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Do Oolong's compare in taste between vendors?

Hello everyone! First post here. I’ve been around Steepster for awhile (reading, browsing, etc.) but decided to register. Along with that, I’m very new to the whole “Tea” thing – specifically loose leaf. I love tea and am making the gradual leap from generic / store bought bag tea to grown up stuff like loose leaf. :)

My question here revolves around Monkey-Picked Oolong tea’s. I’m a big fan of Teavana’s “version” (if you will) and wanted to know if the name of the tea means it will taste the same from different vendors? Will Teavana’s be the same as RoT’s?

Sorry in advance if this is a silly or obvious question. I’m new – be gentle. :)

5 Replies
Ellen said

There are really good oolongs out there. I would buy them from companies who specialize in high quality chinese or taiwanese tea, not places like Teavana and RoT.
Zhi Tea has all the basic types of oolongs and sample sizes that really got me into this type of tea.
For a really good selection of oolongs, go to vendors that specialize in them like Jing Tea Shop, Floating Leaves, Seven Cups, Norbu, Hou De Asian Art, and Teatrekker among others. These vendors buy them directly from their origin, not wholesale, and they also have great prices.
I’m not sure about Teavana’s oolong, but it is definitely overpriced. If you enjoy Teavana’s Tie Kuan Yin, I would definitely suggest trying other types of oolong – there is so much out there!

Ellen said

Sorry I actually didn’t answer your question directly. These two oolongs are probably not the same. They most likely originate from different farmers, so in general there is no way you can say that any two oolongs are the same. In fact, for larger vendors, one version of Teavana’s tie kuan yin might taste completely different from another time you had it.

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Of course they’ll vary.
Teas aren’t like like other products – a Snickers bar will taste the same whether you get it from 7 Eleven, or Target. Teas, on the other hand, are produced uniquely amongst plantations, and each company will generally get their own product. Even within companies, the teas will vary from season to season.

On that note, don’t bother with Teavana’s Monkey-Picked. I heard from one of their employees back in the day that it’s just their regular Ti Kwan Yin (I think they still call it Iron Buddha there), which is over-priced to begin with, and they mix it with some higher-quality oolong. You’re better off buying premium oolong elsewhere.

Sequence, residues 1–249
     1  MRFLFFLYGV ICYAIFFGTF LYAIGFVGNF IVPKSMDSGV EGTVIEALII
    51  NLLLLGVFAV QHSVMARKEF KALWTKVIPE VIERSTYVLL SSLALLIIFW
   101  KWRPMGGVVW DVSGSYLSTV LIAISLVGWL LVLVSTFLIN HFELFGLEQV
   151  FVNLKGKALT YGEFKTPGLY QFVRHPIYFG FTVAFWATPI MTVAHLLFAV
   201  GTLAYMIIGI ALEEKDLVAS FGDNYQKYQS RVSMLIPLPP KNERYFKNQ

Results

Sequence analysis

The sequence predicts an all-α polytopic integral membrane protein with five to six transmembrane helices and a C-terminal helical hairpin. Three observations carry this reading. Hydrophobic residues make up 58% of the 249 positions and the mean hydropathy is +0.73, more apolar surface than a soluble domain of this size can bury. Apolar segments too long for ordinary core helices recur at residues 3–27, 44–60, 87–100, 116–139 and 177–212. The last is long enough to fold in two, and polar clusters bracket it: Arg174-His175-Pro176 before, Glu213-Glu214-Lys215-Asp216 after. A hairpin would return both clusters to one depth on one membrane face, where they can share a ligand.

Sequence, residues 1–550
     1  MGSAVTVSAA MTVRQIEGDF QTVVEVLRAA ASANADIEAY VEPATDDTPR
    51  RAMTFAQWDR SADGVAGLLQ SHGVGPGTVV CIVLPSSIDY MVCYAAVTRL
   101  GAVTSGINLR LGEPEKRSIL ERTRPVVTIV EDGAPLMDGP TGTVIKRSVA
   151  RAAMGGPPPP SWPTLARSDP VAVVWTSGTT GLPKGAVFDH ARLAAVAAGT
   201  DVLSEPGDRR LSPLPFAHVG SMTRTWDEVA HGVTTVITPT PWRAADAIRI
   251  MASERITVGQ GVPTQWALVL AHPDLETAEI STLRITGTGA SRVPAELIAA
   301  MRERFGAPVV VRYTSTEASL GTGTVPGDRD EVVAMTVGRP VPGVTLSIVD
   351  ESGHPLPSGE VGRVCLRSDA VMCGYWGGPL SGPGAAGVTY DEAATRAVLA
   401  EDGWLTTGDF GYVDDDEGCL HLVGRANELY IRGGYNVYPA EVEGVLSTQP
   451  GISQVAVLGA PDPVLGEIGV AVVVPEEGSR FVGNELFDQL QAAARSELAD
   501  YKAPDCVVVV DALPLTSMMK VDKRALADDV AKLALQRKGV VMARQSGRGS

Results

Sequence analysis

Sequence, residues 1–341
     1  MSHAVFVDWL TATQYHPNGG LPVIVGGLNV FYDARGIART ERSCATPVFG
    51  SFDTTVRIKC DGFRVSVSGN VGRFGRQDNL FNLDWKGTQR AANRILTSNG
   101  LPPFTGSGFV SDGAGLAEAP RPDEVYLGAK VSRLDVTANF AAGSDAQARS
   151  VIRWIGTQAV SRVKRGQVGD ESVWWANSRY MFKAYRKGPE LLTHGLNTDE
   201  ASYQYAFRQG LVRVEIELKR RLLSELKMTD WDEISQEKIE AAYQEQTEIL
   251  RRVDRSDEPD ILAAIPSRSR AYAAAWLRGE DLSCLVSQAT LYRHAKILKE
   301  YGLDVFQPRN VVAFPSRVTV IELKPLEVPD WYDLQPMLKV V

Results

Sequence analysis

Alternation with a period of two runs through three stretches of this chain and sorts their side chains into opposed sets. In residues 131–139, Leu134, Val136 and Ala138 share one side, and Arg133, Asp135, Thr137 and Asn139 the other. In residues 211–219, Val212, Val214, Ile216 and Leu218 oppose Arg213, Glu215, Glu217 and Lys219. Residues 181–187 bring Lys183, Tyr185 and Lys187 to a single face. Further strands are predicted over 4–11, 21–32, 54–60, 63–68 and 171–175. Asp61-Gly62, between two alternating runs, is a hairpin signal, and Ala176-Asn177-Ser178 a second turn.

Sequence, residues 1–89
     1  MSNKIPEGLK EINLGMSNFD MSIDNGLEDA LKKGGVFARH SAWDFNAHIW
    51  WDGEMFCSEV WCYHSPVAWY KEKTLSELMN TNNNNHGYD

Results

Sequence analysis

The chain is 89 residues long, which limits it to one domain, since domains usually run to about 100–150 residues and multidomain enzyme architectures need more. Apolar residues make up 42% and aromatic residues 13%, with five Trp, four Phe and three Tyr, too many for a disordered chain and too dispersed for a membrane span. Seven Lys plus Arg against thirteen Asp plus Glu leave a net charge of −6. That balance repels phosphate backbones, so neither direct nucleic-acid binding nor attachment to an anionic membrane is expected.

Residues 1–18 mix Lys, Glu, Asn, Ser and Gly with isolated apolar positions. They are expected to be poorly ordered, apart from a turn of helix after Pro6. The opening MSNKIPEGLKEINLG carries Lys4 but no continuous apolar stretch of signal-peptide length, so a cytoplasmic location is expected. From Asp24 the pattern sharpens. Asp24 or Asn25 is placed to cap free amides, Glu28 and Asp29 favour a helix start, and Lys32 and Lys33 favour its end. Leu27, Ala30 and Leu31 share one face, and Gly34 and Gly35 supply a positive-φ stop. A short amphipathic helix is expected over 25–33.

Plus, since they keep their tea in that huge bin until they sell it, putting newer tea on top of older stuff, along with the fact that they constantly open the containers… you’re just not getting good quality stuff there.
Get your tea prepackaged if possible.

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elemental said

The flavor of a specific tea depends on a multitude of factors. Some are environmental: type of soil, rainfall, temperature, moisture, etc., and some have to do with processing it goes through after it is picked. Even tea that is picked from the same bush will vary from year-to-year, or even picking-to-picking. The number of variables is almost countless. For me, this is the great adventure of tea. Vintage tea is very much like vintage wine — there are great ones and then there are truly marvelous ones, and the difference may be one simple factor in the multitude of variables. When you find one you like — buy as much as you can, and enjoy it until you find the next one.

Tea names are in many cases invented by the seller, so you can’t always go by the name. Look for vendors who provide as much information as possible about the teas they sell: growing country and region, garden, content, etc. — not just a poetic and flowery description.

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kuanyin said

One of my obsessions is finding an expensive tea I enjoy and then hunting down cheaper versions that are just as good. It isn’t so hard to find cheaper than Teavana. Red Blossom Tea Company is an excellent oolong source, they buy direct and give you a lot of information. They also run from extremely reasonably priced to quite expensive. I’m perhaps not yet able to appreciate the difference, I’ve gotten samples of some of the premium teas and really liked the less expensive more.

The only problem with my bargain hunting, is that I spend way too much trying many teas to find the well priced favorites. I am getting some winners to that game though.

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